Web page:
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Trove Tuesday: Strange Remedies

I came across this article on Trove and just had to use it for Trove Tuesday.  One can imagine the trouble superstitious early settlers would have had if they continued the practice of swallowing live spiders, especially if they chose red backs, white tails or funnel web ones. As to some of the other suggestions eww!








Source: Strange Remedies. (1887, October 25). The Maitland Mercury & Hunter River General Advertiser (NSW : 1843 - 1893), p. 4. Retrieved October 22, 2013, from http://nla.gov.au/nla.news-article18963017

Transcript:

Strange Remedies.

In an articles on "Strange Medicines," in the Nineteenth Century, Miss Cumming quotes a few of the healing spells which are to this day practised by the peasantry of various districts in Great Britain, and which are considered certain remedies.
The Northumbrian cure for warts is to take a large snail, rub the wart well with it, and then impale the snail on a thorn hedge.  As the creature wastes away, the warts will surely disappear.  In the west of England, eel's blood serves the same purpose.  For goiter, or wen, the hand of a dead child must be rubbed nine times across the lump, or, still better, the hand of a suicide may be substituted.
In the vicinity of Stamfordham, in Nortumberland, whooping cough is cured by putting the head of a live trout into the patient's mouth, and letting the trout breathe into the later.  Or else a hairy caterpillar is put into a small bag and tied around the child's neck.  The cough ceases as the insect dies.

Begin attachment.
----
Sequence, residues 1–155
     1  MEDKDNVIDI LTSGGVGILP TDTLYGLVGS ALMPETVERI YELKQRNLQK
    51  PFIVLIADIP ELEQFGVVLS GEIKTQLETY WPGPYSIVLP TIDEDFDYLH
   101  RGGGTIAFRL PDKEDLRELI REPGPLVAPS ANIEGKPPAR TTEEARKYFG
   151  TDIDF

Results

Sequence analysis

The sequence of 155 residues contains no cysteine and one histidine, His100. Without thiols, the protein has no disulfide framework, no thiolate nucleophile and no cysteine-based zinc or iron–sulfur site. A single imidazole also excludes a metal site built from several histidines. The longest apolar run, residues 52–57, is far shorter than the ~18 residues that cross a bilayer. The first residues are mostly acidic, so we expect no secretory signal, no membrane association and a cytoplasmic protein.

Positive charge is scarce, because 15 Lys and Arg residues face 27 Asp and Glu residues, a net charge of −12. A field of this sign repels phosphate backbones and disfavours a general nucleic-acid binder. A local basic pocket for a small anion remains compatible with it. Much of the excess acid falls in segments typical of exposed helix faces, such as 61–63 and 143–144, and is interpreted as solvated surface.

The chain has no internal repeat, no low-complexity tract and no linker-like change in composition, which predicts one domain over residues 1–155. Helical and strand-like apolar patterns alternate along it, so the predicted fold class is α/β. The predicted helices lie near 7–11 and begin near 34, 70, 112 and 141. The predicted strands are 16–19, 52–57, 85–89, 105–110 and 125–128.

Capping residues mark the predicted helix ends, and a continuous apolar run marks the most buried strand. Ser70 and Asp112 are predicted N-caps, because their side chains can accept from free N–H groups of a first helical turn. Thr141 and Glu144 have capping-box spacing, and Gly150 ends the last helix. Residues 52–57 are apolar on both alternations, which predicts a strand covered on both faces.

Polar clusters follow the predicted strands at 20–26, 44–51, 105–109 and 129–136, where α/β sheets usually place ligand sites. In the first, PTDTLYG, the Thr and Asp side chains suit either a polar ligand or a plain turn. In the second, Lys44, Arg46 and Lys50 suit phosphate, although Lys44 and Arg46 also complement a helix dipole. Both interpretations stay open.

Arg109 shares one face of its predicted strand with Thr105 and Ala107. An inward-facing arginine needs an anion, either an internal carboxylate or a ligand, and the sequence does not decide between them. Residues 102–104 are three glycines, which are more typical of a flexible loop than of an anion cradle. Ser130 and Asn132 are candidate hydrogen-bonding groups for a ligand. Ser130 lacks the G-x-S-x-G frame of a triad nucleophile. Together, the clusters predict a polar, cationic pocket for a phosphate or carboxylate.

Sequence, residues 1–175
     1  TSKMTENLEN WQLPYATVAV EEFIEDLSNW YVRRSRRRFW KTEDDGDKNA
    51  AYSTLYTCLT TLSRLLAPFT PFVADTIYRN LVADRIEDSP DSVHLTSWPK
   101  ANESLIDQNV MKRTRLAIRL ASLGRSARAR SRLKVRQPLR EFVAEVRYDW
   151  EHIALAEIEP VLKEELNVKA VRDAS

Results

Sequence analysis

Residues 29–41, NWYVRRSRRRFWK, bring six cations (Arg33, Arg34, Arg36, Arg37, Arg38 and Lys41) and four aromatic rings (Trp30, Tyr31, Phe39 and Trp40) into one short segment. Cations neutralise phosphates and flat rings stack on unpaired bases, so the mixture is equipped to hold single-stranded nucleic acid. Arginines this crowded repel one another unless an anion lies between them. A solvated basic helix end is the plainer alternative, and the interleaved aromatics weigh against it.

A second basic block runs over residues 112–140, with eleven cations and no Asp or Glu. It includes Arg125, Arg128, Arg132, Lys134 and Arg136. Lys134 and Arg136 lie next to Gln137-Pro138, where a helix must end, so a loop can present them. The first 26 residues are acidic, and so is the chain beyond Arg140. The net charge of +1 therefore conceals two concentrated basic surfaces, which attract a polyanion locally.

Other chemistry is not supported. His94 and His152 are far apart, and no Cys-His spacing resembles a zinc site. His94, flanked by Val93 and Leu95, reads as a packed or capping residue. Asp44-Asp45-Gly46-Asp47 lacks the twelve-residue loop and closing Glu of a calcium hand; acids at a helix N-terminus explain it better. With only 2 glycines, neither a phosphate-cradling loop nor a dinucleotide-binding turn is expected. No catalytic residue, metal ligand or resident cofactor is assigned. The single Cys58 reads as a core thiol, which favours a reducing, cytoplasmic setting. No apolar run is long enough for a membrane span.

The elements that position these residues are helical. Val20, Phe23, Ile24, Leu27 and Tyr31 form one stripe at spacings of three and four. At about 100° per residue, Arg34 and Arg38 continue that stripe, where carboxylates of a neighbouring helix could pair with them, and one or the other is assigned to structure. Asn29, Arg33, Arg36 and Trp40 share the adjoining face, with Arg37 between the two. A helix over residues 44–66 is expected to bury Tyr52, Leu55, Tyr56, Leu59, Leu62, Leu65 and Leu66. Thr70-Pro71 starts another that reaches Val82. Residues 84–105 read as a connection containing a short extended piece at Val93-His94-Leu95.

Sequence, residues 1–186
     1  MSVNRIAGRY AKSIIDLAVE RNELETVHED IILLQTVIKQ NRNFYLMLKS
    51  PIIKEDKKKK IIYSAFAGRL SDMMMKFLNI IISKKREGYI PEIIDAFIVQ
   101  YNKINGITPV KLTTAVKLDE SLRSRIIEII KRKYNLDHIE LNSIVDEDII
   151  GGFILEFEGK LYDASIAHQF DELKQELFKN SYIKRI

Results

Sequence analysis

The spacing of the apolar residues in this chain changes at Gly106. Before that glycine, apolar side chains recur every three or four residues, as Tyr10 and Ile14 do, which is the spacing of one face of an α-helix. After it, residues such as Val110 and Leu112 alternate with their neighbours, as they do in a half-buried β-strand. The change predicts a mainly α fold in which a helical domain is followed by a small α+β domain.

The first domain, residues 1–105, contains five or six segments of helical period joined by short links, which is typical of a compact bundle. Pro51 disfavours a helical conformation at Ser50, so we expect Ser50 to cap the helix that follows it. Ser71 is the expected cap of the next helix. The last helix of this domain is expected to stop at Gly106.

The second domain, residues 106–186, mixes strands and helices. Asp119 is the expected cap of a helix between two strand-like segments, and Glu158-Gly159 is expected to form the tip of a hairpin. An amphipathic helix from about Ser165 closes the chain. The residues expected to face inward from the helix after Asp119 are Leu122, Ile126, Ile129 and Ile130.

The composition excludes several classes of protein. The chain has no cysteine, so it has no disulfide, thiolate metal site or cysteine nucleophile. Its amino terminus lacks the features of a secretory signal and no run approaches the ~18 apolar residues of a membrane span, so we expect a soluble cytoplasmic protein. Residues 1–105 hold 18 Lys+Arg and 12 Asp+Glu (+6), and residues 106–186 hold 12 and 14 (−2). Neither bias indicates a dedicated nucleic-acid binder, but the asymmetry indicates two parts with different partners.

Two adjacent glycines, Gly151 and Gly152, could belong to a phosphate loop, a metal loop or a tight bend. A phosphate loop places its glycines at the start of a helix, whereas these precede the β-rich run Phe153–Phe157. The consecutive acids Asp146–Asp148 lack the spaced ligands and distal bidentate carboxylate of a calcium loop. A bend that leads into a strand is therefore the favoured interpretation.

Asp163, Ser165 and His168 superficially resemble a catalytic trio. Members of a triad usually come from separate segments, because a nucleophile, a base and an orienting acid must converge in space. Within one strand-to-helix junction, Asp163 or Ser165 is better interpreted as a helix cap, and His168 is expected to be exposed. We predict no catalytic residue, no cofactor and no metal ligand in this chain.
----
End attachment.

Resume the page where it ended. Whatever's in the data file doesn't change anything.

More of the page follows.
Another cure for whooping cough is offerings of hair.  In Sunderland, the crown of the head is shaved and the hair hung upon a bush or tree, with the full faith that as the birds carry away the hair so will the cough vanish.
In Lincolnshire a girl suffering from the ague cuts a lock of her hair and binds it round an aspen tree, praying the latter to shake in her stead.  In Ross-shire, where living cocks are still occasionally buried as a sacrificial remedy for epilepsy, some of the hair of the patient is generally added to the offering.  At least one holy well in Ireland (that of Tubber Quan) requires an offering of hair from all Christian pilgrims who come here on the last three Sundays in June to worship St. Quan.  As a charm against toothache, it is necessary to go thrice around a neighbouring tree on the bare knees and then cut off a lock of hair and tie it to a branch.  The tree thus fringed with human hair of all colours is a curious sight and an object of deep veneration.
The remedy for a toothache at Tavistock, in Devonshire, is to bite a tooth from a skull in the churchyard, and keep it always in the pocket.
Spiders are largely concerned in the cure of ague.  In Ireland the sufferer is advised to swallow a living spider.  In Somerset and the neighbouring counties he is to shut a large black spider in a box and leave it to perish.  Even in New England a lingering faith in the superstitions of the mother country leads to the manufacture of spider web pills for the cure of ague, and Longfellow tells of a popular cure for fever-
"By wearing a spider hung round one's neck in a nutshell."
This was the approved remedy of our British ancestors for fever and ague ; and in Sussex a live spider rolled up in butter is still considered good in cases of obstinate jaundice.